I had a shock this morning. As I waved to Julia after dropping her at work I realised I had my father’s hands on the ends of my arms. I have the same ageing skin, the same slightly bent fingers and the same way of holding my hand when I wave. I even have some brown spots, though mine are freckles rather than age-related.
It was a bit of a shock.
I once wrote a poem, my first published poem as an adult, about looking in my shaving mirror to see my father looking back. It wasn’t quite accurate (or “authentic”, if you prefer), because I don’t, as you may have guessed from the beard, shave. And in those unguarded mirror moments I actually look a lot like my maternal grandfather who has handed down his distinctive head shape to me.
Eventually, I will probably write a poem about this. It will be much more complicated than the anecdote I have just related and will include angst and a word I can’t quite remember. I’ll remember it when I stop thinking about it. It’s like ambivalence. It might be ambiguous. Something along those lines anyway. Editors, it seems, like that sort of stuff, and I don’t have enough of it.
That reminds me, I have a haibun in Contemporary Haibun Online January Issue. I feel that it may be the last for some time, as one of the main magazines is closing and the chief editor, who has accepted several of my haibun, and offered editorial advice, is being replaced by a man who I do not get on with quite as well.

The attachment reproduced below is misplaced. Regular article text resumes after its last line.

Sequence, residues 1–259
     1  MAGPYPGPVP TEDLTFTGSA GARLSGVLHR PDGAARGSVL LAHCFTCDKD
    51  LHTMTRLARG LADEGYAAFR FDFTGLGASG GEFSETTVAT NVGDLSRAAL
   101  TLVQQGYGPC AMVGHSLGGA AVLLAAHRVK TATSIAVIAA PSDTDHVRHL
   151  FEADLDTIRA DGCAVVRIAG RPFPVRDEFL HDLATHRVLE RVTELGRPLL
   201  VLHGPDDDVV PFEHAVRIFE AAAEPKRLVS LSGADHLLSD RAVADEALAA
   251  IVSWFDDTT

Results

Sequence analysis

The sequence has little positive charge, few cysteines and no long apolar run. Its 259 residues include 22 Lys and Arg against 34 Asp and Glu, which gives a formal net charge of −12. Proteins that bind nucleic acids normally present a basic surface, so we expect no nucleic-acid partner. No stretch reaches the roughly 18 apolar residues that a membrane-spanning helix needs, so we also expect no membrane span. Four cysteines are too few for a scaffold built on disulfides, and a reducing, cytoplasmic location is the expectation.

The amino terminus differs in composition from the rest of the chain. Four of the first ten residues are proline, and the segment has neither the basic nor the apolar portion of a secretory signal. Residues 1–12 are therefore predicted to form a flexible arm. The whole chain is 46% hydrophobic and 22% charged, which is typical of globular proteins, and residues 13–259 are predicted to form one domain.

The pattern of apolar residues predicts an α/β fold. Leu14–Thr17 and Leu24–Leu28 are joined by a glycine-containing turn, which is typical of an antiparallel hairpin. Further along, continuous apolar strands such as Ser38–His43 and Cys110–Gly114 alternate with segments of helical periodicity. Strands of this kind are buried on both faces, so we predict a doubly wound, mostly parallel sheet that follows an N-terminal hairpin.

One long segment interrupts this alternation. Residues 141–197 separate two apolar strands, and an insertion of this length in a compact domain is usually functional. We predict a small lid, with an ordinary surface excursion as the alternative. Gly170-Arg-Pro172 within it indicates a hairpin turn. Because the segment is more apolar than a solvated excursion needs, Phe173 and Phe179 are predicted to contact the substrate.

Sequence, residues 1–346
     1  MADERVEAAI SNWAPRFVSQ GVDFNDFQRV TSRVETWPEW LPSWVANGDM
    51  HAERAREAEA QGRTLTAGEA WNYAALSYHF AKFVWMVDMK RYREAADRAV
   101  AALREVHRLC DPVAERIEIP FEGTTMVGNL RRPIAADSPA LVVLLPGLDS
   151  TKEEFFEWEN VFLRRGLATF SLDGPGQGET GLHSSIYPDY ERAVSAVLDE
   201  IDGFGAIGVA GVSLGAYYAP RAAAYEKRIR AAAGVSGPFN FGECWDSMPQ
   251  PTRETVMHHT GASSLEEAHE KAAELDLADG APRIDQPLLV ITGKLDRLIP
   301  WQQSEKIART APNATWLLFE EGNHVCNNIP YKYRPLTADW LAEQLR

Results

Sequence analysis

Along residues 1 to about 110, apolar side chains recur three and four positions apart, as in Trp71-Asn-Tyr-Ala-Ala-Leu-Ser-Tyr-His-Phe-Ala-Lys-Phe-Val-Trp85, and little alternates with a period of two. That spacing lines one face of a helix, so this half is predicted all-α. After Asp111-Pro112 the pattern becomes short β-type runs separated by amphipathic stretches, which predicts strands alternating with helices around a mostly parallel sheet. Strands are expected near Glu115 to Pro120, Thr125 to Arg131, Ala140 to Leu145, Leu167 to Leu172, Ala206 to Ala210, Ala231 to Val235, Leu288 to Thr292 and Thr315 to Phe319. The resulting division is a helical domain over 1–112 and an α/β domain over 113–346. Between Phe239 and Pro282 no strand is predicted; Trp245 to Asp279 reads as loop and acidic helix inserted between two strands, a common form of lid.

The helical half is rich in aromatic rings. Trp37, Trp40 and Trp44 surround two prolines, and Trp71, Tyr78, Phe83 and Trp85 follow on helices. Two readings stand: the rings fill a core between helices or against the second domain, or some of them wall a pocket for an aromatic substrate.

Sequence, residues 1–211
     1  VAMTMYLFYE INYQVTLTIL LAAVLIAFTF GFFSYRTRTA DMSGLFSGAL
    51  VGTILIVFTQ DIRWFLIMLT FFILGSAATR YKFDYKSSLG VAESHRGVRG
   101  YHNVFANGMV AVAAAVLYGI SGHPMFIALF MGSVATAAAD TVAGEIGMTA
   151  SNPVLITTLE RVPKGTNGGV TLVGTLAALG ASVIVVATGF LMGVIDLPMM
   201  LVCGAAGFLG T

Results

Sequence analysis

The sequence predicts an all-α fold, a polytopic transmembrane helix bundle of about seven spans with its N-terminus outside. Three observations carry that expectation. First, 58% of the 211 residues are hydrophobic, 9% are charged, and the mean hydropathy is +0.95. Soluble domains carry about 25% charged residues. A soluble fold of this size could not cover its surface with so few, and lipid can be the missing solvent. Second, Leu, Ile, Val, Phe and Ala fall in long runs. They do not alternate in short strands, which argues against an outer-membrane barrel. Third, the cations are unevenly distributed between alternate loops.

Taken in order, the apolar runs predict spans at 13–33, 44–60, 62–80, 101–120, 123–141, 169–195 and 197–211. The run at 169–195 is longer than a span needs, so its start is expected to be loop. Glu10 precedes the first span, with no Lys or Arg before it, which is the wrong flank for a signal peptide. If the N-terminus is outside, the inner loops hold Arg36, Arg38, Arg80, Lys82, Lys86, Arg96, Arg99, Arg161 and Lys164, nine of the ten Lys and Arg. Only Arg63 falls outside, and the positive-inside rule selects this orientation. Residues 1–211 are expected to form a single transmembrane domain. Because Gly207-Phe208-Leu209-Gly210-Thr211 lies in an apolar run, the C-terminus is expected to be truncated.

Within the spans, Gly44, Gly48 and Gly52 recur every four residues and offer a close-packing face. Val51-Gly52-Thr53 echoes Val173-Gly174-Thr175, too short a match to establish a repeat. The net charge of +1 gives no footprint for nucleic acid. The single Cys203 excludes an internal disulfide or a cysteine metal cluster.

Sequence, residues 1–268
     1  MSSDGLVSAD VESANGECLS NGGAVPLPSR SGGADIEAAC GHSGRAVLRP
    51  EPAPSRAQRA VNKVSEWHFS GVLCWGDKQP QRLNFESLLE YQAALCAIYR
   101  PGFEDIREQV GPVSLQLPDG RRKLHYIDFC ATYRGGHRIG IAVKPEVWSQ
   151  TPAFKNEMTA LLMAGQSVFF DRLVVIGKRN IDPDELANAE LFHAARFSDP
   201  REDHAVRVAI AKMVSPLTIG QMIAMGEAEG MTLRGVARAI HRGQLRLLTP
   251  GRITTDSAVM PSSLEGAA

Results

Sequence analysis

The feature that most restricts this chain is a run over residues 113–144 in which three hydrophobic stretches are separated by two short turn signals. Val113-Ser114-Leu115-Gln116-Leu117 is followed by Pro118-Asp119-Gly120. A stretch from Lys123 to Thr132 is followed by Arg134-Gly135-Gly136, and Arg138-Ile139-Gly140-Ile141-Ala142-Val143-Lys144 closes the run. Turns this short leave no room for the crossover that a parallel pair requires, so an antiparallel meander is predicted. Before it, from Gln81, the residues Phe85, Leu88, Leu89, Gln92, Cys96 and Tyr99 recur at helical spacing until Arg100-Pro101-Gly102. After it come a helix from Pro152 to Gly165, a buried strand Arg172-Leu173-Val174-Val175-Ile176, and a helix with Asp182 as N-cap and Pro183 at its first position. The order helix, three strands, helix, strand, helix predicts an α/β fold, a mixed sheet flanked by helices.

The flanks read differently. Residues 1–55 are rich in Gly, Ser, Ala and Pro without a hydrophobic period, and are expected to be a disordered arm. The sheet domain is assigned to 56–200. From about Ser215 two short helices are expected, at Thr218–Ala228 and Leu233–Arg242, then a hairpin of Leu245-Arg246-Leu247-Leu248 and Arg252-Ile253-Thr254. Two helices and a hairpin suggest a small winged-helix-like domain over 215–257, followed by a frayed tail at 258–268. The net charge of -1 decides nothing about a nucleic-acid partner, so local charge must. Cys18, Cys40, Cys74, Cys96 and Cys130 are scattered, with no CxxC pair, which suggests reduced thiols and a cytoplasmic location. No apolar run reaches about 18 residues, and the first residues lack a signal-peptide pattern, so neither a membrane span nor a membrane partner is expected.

Time to work on my craft, and begin battering editors with my brilliance.
There were eighteen parcels to pack this morning including several with multiple content. We also bought in a pair of Great War medals and some sovereigns.
We turned down the tin of worthless coins and the stamp collection. It was plain that the owner of the coins thought they were worth a lot more than we did so we persuaded him to keep them as their interest outweighed their commercial value. The stamps, we were truthful about – the market for modern First Day Covers has been dreadful for years and we don’t buy them unless they are autographed or have a coin on them. Or they belonged to Freddie Mercury’s father.
For tea, we will be having haggis. This time it is made with meat. I’m looking forwards to it, and to making veggie burgers with the leftover veg,
As a welcome coincidence, it begins with “H” and allows me to indulge my passion for alliterative titles.
I love the haibun, Simon!
Both my husband and younger daughter complain of each other’s behaviour to me and the complaints are identical as they are so much alike.
Thank you Clare. 🙂 Mothers are always peacemakers. 🙂
A splendid haibun. No mistaking Julia’s input 🙂
🙂 Yes, it’s a small but recognisable slice of “Life with the Quercuses”. Thank you for your kind comment.
I like the haibun. It made me laugh. As for parental resemblance, we all get it one way or another. I had an ID badge that always made me think of my father. Then I needed a new one an it doesn’t have the same look. But it’s there in the mirror–or a grandmother or aunt…
Yes. It gets us all. 🙂
And thank you for the kind comment on the haibun. 🙂
Congratulations on the published Haibun. I am sure that the new editor will soon come round to your way of thinking.
We will see. I will regard it as a challenge to be overcome. 😉
That is a nice haibun, Quercus.